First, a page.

From ClinicalBrainTraning.com, the blog of Dr Jeff Young
In the paper I posted by Gary Klein, they show the evidence, and discuss the background to their decision making model known as “recognition primed decision making”. I know many of you are not going to take the time to read the 100 page manuscript (but I highly recommend it, I’m rereading it now and its great), so I’m going to go over some if it. Sorry I haven’t my podcast on this, but there have been some scheduling issues.
First, Klein says (and I agree) that when an experienced operator, in whatever high-stakes field, encounters a situation (fire, patient, etc.) they do the following:
- Size-up the situation in their mind, assigning it a “schema” based on their previous experience
Explanation: In your mind you record experiences you have had in your profession. With time you categorize those experiences into “boxes” or “schema” of similar situations. In other words, when I see a 80 year old trauma patients on inhalers at home who has 8 right sided rib fractures, I don’t make my clinical decisions based on each of those datapoints individually (elderly+/COPD+/-rib fractures+/- etc.), do it by matching the case to schema I have already created. For this it would be: “old patient with lung problems and big non-lung chest injury”. Then my mind automatically jumps to what I have done for “old patient with lung problems and big non-lung chest injury” in the past and how things have worked out. My plan is based on those past plans and results.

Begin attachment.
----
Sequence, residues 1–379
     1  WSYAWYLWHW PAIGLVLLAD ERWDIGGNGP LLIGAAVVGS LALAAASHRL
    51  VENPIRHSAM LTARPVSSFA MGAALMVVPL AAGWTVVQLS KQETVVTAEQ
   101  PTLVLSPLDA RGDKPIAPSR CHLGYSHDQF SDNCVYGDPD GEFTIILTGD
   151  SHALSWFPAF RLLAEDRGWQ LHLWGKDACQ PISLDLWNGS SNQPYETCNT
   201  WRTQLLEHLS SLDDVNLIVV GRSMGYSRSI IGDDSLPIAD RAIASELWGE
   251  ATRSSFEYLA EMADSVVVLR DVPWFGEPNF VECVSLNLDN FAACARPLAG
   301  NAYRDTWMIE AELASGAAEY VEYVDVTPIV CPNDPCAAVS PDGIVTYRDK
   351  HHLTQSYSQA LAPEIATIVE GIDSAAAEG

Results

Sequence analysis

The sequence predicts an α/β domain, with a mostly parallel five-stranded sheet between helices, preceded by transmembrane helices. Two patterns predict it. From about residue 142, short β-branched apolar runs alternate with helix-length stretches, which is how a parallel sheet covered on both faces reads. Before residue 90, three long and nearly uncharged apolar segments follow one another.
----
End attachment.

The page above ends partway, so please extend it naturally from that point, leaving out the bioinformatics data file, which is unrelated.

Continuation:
-Make a plan based on how patients with this schema have done in the past
Thus my reaction is: “ICU, pulmonary toilet, check if on steroids, try to find previous assessment of lung function (and get ABG to assess current), pain control (with epidural), get out of bed, incentive spirometry, check for wheezing, give inhalers, DVT prophylaxis, watch out for increasing oxygen requirements, check chest x-ray”. That may sound like a lot, but its pretty automatic and doesnt require much thinking, because I’ve taken care of so many of these patients. Why do I have “watch out for increasing oxygen requirements”? Because in my past, we didnt do that and its worked out badly. “Give inhalers” – same thing, at one point we probably forgot to do that and the patient got intubated. Etc.
-Keep an eye out for data that conflicts with schema, or which indicate plan isn’t working
This is the sign of an experienced provider, inexperienced people are so happy they came up with a plan that they tend to fixate on it, and don’t accept new data that says their plan is wrong. That’s why new officers and residents need to be watched like hawks. They will tend to push a plan through, even though new data is indicating the plan is not working. It’s not just experience, but ego. Experienced leaders know that things go wrong, and you have to adapt. Inexperienced leaders think changing the plan is an insult to their ego (which is fragile as a new leader anyway) and try to make reality adjust to the plan, not adjust the plan to reflect reality.
This is just an intro to these concepts. Think about them and we’ll discuss examples from Klein and real life in the next post.
OnSurg thanks Dr Young for permission to re-post his blog.